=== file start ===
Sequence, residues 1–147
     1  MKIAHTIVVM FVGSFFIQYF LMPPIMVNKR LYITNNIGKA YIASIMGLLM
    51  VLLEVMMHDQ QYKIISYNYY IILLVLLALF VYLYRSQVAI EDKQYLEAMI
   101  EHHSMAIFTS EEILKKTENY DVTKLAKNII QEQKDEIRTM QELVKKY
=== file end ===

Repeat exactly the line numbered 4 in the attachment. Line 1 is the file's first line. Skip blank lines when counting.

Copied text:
   101  EHHSMAIFTS EEILKKTENY DVTKLAKNII QEQKDEIRTM QELVKKY